When the Going Gets Tough, the Tough Get Going

For Angelina Chavez ’23, the courage to lead is celebrated
By Elias Almarez-Herrera ’23 |

Firsthand experience helping her mother run a business laid the foundation of Angelina Chavez's passion and drive in business. Raised by her mothers who immigrated from Apatzingán Michoacán in Mexico, she learned to appreciate the ethics of working hard to help others.

"My mom offered income tax services in the front portion of our home. I used to answer the phone and help out any way I could," she says. "Even though I didn't have many resources growing up, that didn’t stop me from pursuing leadership positions."

Angelina Chavez ’23

Chavez founded the Gay-Straight Alliance club in high school and has served as an example for her community for as long as she can remember. She was also the lead captain for her high school's soccer and track teams, and by her senior year, was elected Associated Student Body President. Pursuing a college education was the next step in her plan.

"Starting at UC Riverside, I had to adjust to a completely new environment. I didn't know anybody," she says. "I joined Latino Union and earned my first leadership position at UCR when I was elected Vice President of Marketing. I created graphics for events and met with organizations outside of UCR for community service. It was that experience that helped me decide on my concentration in marketing."

As she began to discover how her passions could aid in her professional development, Chavez landed an internship with UCR’s Associated Students peer mentor program. She was paired with a student government senator to learn about creating legislation and serving students across campus.

That experience led her to campaign for ASUCR the following year. Chavez beams as she describes having earned the most poll votes during the senator elections: "I put myself out there, which is not an easy thing to do. A lot of fear came up when it came to developing my public platform until I realized the student body believed in me."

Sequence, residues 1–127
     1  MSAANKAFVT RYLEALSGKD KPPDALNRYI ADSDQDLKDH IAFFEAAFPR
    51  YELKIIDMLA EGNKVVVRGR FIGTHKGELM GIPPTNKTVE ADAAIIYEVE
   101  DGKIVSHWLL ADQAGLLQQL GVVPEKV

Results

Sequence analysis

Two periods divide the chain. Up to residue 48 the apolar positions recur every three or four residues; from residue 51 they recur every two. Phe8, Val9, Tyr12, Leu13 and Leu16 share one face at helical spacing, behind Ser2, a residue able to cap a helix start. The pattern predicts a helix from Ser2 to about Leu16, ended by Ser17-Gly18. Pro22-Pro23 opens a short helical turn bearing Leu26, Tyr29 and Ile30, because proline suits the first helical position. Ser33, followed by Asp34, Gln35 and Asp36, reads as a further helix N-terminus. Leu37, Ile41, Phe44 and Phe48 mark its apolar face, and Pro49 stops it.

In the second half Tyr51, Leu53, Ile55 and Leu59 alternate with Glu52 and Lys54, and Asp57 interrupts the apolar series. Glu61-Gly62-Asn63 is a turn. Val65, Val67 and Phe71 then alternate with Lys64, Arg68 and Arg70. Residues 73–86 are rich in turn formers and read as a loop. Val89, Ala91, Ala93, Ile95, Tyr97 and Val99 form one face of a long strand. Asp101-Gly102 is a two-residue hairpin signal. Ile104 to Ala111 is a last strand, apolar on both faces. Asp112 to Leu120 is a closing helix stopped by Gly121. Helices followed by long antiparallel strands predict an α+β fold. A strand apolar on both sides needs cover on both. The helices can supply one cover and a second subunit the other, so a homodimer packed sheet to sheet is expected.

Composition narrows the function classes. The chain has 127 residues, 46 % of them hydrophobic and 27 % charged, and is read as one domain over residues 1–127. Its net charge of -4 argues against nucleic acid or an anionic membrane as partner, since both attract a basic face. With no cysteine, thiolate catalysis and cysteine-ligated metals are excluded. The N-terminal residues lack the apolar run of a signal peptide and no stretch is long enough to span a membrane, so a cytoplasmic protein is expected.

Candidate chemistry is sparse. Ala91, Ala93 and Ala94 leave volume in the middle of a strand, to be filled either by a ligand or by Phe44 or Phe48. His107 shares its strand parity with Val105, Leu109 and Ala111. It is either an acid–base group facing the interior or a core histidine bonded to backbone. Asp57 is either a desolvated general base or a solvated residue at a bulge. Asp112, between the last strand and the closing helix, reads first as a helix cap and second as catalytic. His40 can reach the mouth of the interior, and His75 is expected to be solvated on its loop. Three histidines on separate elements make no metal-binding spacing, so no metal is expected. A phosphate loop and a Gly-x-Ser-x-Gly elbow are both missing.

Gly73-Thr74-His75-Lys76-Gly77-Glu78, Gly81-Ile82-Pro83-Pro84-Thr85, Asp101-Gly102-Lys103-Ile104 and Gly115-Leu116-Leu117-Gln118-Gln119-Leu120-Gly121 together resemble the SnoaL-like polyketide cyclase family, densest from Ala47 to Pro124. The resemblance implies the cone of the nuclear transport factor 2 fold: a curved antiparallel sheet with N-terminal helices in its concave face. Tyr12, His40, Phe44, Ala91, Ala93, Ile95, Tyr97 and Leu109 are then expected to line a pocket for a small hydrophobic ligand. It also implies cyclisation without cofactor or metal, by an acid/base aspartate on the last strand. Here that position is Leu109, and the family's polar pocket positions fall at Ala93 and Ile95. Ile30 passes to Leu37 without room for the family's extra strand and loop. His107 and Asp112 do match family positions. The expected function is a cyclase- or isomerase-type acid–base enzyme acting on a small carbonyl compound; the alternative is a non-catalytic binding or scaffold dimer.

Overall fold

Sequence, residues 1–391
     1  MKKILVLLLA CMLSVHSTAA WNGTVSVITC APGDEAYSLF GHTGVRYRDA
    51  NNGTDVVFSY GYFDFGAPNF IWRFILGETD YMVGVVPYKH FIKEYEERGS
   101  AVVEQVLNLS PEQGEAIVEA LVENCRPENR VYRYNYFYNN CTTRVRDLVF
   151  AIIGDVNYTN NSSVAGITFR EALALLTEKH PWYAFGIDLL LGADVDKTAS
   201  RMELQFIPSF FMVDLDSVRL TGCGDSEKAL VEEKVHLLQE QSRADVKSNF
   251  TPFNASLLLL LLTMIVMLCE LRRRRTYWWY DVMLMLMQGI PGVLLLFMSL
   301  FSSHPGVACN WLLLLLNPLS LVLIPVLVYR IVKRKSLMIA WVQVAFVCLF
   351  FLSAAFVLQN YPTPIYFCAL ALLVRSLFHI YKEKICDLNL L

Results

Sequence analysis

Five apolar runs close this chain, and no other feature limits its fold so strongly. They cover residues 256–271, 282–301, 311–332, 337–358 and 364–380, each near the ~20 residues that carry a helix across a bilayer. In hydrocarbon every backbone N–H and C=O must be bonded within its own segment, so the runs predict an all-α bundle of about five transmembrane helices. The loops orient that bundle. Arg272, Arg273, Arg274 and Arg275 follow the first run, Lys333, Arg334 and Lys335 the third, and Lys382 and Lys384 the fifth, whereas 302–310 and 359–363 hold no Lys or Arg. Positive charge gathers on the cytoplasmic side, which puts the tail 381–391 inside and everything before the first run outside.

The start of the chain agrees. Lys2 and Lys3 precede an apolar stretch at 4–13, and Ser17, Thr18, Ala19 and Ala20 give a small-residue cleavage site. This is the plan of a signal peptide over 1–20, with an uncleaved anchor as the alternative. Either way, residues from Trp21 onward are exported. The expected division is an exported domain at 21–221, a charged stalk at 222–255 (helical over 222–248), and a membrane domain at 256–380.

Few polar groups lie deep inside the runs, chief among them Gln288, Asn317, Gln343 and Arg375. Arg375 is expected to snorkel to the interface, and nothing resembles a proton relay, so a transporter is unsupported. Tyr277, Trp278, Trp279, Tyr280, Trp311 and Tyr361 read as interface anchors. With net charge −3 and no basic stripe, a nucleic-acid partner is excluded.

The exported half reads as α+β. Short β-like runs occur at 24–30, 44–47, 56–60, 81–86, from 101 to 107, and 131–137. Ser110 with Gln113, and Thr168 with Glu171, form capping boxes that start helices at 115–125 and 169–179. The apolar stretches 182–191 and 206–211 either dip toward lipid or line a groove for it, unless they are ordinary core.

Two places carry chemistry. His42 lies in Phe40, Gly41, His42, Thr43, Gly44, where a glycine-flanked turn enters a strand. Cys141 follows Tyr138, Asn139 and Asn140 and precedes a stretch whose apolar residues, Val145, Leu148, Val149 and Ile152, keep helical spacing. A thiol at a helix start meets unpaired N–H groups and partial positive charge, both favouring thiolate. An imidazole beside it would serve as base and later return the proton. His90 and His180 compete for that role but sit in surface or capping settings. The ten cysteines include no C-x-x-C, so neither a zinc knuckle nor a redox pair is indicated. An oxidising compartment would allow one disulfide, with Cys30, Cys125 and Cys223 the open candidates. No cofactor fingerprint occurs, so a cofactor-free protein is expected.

"I went from being a pre-business, senate-mentee to becoming a senator and a student at the School of Business all at once," she says. "I was an active advocate for students in need, those who may have felt like they didn't have a voice.” However, in the following academic quarter, Chavez stepped down from ASUCR for personal reasons. "It was really hard to make that choice, but I've learned not to let obstacles define who I am as a leader or as a person," she says. "I decided to prioritize my health."

Chavez shares that mental wellness is one of the areas she has worked to destigmatize within the communities she serves. It took applying these same principles to her own life for her to find strength within vulnerability. She continues to serve and inspire young women as director of leadership for the Pi Beta Phi fraternity for women.

"I started as a scared first-year who used to tell myself I couldn't do things other people could because I came from an impoverished, non-traditional family," she says. "I followed my desire for sisterhood and am amazed at the person I am becoming."

From applying for an overseas business marketing internship in Spain to developing a model for her nonprofit organization that addresses food and housing insecurity, Chavez only has room to look to the future. "My experiences as a leader continue to humble me and boost my confidence."

"It takes resiliency built over time. Powerful women have mentored and believed in me," she says. "You can do anything you set your mind to. You're going to make mistakes, but you can become the person you want to be, you just have to reach out."